“Then they looked out of the wood – and saw dinosaurs!”
The novelist put the papers down. “A good way of ending the episode?”
The palaeontologist nodded, “Wonderful, what an imagination you have.”
“You too must have imagination, to create lost worlds out of fragments of bone.”
“But not like you.”
As he left he thought of the bones in his workshop. His imagination had created something very special, the Missing Link, but no one would realise it wasn’t real for many years, if ever.
His friend was just a great writer, however he was the greatest scientific hoaxer ever.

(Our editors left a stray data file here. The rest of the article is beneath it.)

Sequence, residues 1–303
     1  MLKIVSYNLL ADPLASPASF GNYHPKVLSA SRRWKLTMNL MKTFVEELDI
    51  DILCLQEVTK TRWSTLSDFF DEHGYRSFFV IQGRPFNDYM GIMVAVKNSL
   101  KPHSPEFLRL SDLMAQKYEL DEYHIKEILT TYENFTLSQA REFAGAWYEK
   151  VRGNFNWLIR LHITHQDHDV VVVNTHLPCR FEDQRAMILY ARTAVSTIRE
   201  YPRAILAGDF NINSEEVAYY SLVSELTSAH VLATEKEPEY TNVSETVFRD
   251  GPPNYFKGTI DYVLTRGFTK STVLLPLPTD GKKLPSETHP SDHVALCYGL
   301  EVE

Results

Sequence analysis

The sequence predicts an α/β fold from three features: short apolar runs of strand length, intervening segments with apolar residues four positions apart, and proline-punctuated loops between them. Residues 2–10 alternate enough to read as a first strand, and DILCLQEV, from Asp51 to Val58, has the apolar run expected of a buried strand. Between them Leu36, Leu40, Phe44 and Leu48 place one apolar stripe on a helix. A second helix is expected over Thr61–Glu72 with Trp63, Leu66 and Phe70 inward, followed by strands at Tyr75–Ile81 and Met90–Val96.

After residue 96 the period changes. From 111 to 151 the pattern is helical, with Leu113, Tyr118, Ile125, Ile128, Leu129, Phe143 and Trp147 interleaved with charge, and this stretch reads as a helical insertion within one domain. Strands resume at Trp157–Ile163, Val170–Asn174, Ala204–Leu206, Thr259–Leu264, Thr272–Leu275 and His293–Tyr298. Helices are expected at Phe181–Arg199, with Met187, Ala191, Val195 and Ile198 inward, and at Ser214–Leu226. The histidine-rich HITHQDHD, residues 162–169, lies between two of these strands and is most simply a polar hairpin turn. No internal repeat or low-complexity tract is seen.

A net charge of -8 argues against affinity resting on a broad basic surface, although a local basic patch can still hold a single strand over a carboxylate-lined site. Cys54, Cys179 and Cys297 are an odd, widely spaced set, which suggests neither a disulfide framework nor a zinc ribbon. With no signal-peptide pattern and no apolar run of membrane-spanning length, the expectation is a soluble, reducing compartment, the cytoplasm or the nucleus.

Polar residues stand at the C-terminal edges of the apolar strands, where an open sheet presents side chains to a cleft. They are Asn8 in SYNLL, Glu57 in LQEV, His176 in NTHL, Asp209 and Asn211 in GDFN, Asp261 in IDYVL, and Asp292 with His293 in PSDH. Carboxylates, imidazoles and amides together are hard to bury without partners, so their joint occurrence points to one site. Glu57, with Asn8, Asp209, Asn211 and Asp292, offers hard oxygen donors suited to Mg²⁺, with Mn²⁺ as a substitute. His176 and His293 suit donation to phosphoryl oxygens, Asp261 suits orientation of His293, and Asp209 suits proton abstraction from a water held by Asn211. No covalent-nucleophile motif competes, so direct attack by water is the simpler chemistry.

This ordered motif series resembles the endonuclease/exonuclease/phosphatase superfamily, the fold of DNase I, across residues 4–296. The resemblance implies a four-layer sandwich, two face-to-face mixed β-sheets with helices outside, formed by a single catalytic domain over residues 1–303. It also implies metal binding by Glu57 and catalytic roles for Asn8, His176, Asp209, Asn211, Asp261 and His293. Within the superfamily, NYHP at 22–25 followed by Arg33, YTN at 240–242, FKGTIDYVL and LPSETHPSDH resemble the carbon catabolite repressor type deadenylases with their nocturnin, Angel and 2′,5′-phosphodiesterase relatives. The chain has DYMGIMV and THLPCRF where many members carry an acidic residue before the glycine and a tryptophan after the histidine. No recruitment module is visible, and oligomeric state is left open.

The Glade of the Iguanodons, the scene described by Doyle.
In several of my blogs I have imagined several possible meetings between, possibly unlikely, characters from history, here and here. This meeting is, however, completely true. When Sir Arthur Conan Doyle was writing The Lost World, he sought out advice on prehistoric life from the Natural History Museum. They passed the request to a local expert palaeontologist, Charles Dawson ‘discoverer’ of the Piltdown Man and undoubtedly ‘the greatest scientific hoaxer ever.’
This is in response to Charlie Mills flash fiction challenge, in 99 words (no more, no less) write a story that includes an act of “peering from the woods.” Go where the prompt leads.